Toyota recalls pickups; spare tires can come loose

DETROIT — Toyota is recalling about 150,000 Tacoma midsize pickups because the spare tires can fall from beneath the trucks.

The recalled trucks from the 2001 to 2004 model years were sold or registered in 20 cold-weather states and Washington, D.C.

It’s the latest in a string of safety recalls that have plagued the Japanese automaker in recent years. Earlier this month, Toyota recalled 2.77 million vehicles around the world, including the Prius hybrid and Corolla compact car, for water pump and steering shaft problems. In October, the company recalled 7.43 million vehicles for faulty power-window switches that can cause fires.

On the Tacomas, a plate used to hold the spare tire under the truck bed can rust after being exposed to road salt for a long time. In some cases, the plate can break and the tire can fall to the ground, Toyota said Wednesday in a statement. The plates weren’t treated properly against corrosion, the company said.

The problem has caused two minor accidents and no injuries, Toyota spokesman Brian Lyons said. In each case a tire fell and struck a vehicle behind the pickups.

Dealers will inspect and may replace the plates at no cost to the owners. The company will start notifying owners by mail in December.

The recall affects Tacomas in Connecticut, Delaware, Illinois, Indiana, Kentucky, Maine, Maryland, Massachusetts, Michigan, Minnesota, New Hampshire, New Jersey, New York, Ohio, Pennsylvania, Rhode Island, Virginia, Vermont, Wisconsin and West Virginia. All of those states use salt to clear roads of ice and snow.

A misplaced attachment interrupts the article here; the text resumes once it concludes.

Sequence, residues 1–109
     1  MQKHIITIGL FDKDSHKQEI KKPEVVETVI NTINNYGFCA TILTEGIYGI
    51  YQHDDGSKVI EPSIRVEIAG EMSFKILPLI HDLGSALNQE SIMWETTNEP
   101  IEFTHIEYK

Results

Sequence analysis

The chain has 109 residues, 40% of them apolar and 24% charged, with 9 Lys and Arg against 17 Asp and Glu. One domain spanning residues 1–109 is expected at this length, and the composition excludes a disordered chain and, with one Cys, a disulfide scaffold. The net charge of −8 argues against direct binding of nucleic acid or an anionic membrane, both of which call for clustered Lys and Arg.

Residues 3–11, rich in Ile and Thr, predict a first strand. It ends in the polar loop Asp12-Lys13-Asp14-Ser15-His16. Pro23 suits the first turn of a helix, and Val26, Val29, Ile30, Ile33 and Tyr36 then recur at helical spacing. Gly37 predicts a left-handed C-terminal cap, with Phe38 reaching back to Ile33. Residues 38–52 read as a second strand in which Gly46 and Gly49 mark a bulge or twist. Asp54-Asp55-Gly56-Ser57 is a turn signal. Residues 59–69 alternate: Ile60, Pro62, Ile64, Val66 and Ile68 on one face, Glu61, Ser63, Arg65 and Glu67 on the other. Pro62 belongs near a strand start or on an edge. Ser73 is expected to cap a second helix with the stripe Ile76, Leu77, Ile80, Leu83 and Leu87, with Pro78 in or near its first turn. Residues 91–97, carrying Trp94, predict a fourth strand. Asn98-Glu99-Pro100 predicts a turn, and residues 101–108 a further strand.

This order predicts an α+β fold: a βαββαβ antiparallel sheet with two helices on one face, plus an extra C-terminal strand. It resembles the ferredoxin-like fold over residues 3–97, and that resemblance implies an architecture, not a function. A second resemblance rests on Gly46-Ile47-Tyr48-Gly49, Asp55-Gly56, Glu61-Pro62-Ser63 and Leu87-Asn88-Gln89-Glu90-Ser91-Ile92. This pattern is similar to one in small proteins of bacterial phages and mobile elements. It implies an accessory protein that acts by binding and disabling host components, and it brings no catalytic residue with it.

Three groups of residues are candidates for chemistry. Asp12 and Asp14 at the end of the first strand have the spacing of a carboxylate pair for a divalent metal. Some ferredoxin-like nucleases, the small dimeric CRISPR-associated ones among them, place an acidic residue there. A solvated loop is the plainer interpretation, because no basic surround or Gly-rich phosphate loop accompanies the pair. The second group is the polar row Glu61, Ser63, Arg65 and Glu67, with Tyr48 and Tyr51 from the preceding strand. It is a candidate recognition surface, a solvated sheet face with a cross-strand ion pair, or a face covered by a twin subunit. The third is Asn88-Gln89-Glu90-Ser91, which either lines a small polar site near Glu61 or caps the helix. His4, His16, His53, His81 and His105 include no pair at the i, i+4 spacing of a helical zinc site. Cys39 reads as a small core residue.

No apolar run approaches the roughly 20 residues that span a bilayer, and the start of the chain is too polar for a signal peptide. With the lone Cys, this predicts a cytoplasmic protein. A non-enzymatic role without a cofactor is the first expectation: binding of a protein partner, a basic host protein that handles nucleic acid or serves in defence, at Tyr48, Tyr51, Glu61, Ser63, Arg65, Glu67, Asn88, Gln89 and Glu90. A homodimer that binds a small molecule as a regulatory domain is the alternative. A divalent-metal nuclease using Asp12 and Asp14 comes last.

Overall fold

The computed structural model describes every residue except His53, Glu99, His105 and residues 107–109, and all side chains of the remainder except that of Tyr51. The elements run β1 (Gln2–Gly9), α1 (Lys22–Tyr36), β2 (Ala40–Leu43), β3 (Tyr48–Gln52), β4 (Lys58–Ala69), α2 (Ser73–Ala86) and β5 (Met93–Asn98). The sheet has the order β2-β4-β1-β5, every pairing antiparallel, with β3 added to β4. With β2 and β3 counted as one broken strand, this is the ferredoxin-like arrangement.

Customers with questions can call Toyota at (800) 331-4331.

Toyota has been trying to fix its reputation after a series of massive recalls of 14 million vehicles over the last several years, mostly in the U.S., for unintended acceleration involving faulty floor mats, braking or gas pedals.

Before that, Toyota had boasted a reputation for pristine quality, centered around its super-lean production methods that empowered workers to hone in on quality control. Toyota executives have acknowledged the escalating recalls were partly caused by the company’s overly ambitious growth goals.

More in Herald Business Journal

Nordstrom suspends buyout after struggling to get financing

A buyout was meant to help the company continue turnaround efforts outside the glare of market scrutiny.

More self-awareness could help build a better medical system

Marcy Shimada of Edmonds Family Medicine writes the second in a series about fixing our health care system.

Justices to hear government’s email dispute with Microsoft

A lower court ruled emails in a drug case couldn’t be searched because they were in Ireland.

Bombardier to partner with Airbus on C Series program

The move by Bombardier could possibly circumvent duties being imposed on the C Series.

Everett’s Access Laser sells majority stake to German company

Everett firm with 50 employees makes lasers for scientific, medical fields and self-driving vehicles

Innovation Resource Center’s advice for budding inventors

Got the next great idea? The Buildit NOW program stands ready to help you.

Mountain Pacific Bank to host Economic Forum in Everett

Mountain Pacific Bank’s Economic Forum is from 7:30 to 9:30 a.m. Wednesday… Continue reading

Career-community resources fair planned this week at EdCC

Edmonds Community College will host a free fall quarter career fair featuring… Continue reading

Most Read